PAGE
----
Ep. 38 - Michael Bennett: Director of Player Welfare at the PFA | The Mask
Ep. 38 - Michael Bennett: Director of Player Welfare at the PFA | The Mask

More and more sportspeople are being vocal about their struggles with mental health. Well publicised tragedies have shown the world the dangers of hiding these things, of putting on a mask. Because as a sports person you shouldn’t feel like this, should you? You’re doing what you love, maybe you’ve even achieved everything you dreamed of. So why do you feel like this? Why aren’t you happy? Why does every day feel so hard, like the clouds have gathered and joy is ever more elusive.

And of course you can’t tell anyone, can you? Sport is for strong people, weakness is something to hide, and to be ashamed of. And if you’re a Christian perhaps you feel this even more deeply. I know I’m supposed to be content in my relationship with Jesus, I know he’s supposed to be enough for me, I know I’m supposed to be thankful… but everything just feels so bleak and I’m just so lost. What’s wrong with me?

Thankfully awareness of these issues is increasing, as is the support available for those who are suffering. And it is needed. Mental health issues are soaring higher than ever, and unsurprisingly the pandemic has only added fuel to the fire.

More Than Sport

In The Mask, a recent episode of More Than Sport, John Paul Davies was joined by Michael Bennett and Graham Daniels to delve into these issues. Michael Bennett, following the untimely death of Gary Speed, was appointed Director of Player Welfare for the PFA, while Graham Daniels is the Director of Football at Cambridge United alongside his role at Christians In Sport. Both Bennett and Daniels have undertaken PhD research into mental health in elite sport as well as working with athletes on the ground, and so were able to paint a picture of what life is like for those struggling with mental health conditions.

Understanding mental health

Bennett highlighted four themes which arose from his research on the experience of mental health in footballers.

  1. The rollercoaster of emotions, the ups and downs that accompany the life of a professional footballer.
  2. ‘The mask’, where players feel they need to put on a front to fit into the environment they’re in, covering up what is really going on.
  3. The medicalised self, in which the player’s performance is prioritised over the person that they are.
  4. The snowball effect, where the issue gets bigger and bigger and there is a loss of control.

Graham Daniels shared how these issues have been exacerbated by the pandemic. It has been an extremely unsettling time with calendar uncertainties, salary cuts and lots of players out of work. As a result, he said, “the anxiety levels from the top of the business to the bottom are higher than I’ve ever seen in my working life.” Daniels also talked about ‘the mask’ that players put feel they have to put on, when they are performing in front of thousands of people who only judge you by your performance, with the pressure to look good in front of the coach and your peers and to be able to take everything in your stride rather than showing weakness.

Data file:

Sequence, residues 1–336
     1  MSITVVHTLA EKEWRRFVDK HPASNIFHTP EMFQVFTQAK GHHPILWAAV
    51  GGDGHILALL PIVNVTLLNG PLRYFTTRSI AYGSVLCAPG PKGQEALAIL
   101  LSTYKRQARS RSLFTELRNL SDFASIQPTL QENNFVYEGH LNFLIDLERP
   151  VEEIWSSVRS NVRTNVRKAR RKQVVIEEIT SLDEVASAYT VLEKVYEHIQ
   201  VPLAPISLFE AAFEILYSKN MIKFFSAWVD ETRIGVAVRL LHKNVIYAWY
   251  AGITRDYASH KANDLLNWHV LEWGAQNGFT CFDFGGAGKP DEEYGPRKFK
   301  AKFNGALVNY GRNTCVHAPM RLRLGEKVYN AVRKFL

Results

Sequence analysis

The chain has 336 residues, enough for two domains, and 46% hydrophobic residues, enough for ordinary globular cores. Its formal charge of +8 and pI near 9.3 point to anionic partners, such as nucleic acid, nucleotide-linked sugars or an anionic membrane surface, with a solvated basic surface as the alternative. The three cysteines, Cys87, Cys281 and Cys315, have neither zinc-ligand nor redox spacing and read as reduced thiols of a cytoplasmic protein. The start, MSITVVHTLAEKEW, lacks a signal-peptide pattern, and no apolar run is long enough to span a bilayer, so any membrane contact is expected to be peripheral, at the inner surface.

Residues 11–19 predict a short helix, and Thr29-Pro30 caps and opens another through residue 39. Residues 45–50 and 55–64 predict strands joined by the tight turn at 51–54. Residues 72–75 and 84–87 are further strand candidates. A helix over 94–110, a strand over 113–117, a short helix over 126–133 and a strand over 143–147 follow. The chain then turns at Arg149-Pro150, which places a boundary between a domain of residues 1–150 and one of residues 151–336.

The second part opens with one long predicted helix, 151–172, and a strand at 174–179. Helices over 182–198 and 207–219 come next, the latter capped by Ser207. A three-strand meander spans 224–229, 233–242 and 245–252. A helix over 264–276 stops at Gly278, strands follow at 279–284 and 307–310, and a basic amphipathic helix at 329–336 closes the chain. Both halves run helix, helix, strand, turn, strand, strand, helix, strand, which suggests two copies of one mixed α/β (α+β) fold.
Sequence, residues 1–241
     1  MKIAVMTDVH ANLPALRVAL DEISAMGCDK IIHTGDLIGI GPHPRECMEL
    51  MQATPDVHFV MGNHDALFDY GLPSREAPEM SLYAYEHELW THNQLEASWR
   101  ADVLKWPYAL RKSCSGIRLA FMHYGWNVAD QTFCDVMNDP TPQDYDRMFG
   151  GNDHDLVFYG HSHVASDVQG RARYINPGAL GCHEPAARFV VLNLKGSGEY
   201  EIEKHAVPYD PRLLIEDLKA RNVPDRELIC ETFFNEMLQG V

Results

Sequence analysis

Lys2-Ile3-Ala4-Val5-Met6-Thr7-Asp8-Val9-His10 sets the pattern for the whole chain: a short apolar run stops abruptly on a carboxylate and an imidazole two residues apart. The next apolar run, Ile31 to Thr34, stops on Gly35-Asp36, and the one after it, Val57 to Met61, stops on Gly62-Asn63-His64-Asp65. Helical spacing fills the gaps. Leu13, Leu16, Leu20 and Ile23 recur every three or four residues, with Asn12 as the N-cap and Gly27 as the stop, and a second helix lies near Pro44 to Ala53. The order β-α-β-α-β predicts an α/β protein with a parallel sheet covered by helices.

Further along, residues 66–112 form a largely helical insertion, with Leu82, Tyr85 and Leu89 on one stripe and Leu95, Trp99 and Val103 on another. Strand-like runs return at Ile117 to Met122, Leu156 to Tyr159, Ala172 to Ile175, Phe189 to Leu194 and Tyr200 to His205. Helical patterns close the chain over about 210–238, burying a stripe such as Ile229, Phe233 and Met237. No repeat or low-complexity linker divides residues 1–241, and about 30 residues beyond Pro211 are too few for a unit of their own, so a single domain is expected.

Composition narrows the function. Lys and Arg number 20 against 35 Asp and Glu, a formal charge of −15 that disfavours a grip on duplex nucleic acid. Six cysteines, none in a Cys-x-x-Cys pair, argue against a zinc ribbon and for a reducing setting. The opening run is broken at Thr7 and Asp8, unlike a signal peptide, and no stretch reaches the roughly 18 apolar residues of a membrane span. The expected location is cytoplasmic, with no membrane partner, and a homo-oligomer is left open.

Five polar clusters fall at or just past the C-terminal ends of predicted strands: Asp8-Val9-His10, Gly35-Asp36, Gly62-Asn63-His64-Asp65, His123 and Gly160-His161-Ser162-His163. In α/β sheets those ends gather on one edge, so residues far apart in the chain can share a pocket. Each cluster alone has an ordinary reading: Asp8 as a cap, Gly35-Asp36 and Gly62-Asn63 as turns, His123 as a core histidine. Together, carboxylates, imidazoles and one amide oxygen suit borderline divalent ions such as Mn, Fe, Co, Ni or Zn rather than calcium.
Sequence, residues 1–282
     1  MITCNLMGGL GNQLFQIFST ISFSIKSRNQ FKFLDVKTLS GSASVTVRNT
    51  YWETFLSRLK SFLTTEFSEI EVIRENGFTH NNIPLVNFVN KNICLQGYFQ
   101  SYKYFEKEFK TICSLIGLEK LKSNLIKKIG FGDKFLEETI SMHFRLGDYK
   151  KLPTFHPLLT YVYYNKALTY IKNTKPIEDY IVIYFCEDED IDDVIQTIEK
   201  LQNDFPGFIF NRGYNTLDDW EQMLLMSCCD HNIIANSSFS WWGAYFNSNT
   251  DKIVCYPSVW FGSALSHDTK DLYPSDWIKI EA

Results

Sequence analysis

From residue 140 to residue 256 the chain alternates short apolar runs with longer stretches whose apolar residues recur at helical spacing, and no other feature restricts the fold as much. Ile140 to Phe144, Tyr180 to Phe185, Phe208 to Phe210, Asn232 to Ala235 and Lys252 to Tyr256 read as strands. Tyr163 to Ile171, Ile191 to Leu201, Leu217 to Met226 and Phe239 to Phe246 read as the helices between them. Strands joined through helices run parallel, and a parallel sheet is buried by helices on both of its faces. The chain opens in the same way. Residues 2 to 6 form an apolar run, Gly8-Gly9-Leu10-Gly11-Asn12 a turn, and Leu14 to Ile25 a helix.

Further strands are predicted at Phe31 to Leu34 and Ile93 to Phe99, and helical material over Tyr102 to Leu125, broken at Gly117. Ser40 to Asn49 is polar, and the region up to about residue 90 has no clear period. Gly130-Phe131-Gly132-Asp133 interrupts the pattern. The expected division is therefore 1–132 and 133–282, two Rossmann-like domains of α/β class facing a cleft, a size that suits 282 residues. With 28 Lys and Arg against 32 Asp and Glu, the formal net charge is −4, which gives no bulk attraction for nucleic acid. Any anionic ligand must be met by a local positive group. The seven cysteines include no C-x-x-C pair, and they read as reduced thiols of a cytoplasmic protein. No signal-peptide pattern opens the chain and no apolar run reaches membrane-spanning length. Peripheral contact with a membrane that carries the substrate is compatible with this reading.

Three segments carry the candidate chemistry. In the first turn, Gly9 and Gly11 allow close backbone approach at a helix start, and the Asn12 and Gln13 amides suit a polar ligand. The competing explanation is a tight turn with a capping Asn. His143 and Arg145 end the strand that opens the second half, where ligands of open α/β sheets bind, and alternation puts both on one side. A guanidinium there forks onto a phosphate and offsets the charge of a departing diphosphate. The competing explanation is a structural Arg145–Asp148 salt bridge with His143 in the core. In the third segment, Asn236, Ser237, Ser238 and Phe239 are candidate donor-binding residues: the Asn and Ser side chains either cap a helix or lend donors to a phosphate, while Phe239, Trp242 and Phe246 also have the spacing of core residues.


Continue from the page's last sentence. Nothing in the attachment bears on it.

Getting help

So with the problem a very real one, and an increasing need for support, where is a sportsperson to turn?

Bennett highlighted the encouragement that many well-known athletes are speaking out about their struggles, which helps us to see more and more that to struggle with mental health is normal. In terms of how he responds when a player calls up for help, he really wants to encourage them that in making that call they have made a huge step. It is difficult to overcome the fear of failure, the fear of what others may think, so well done for making the call. There would then be space to work through the particular struggles that individual is facing. He was reassuring that from a PFA point of view, the support is there, it just needs to be made known and taken up. Lockdown has been positive in the sense that help is more widely available because it can be online, rather than being restricted by geographical location.

And how does a player get beyond the mask? How does a player match up who they really are with the mask they wear before others? Is it possible to face our vulnerabilities, and yet still feel loved? Is it possible to have a secure identity which is not based on circumstances or performance? This is where the Christian faith uniquely has an answer to these questions.

Satisfaction and Security

Daniels highlighted the two areas of satisfaction and security. The ‘moment of satisfaction’ comes, he says, when you acknowledge your frailty, your weakness and your vulnerability as a human being. But then you come to understand that God knows about that even more than you do, he sees everything that you are, and yet even in that moment, in your weak, rebellious state, he loves you enough to go to any lengths to restore your relationship with him. This in turn leads to security. In this love you are so safe now. There is somebody who is for you whether you are winning or losing, your performance no longer identifies you. You have a secure identity in the One who will never let you go.

What impact does that have? As Bennett said, “I began to enjoy football more once I was able to recognise that I was more than a footballer and my faith enabled me to do that.”

Mental health is an issue for many sportspeople, and it is so important that we keep on talking about it. If you are struggling with your mental health, know that you are not abnormal, and you are not alone. Talk to somebody, get help, and above all know that the One whose opinion matters the most knows exactly how you’re doing, and loves you still.

You can listen to our podcast here, on Apple Podcasts, Spotify or wherever else you get your podcasts from.

Get the perfect start every

A weekly devotional for sports people

Choose your game day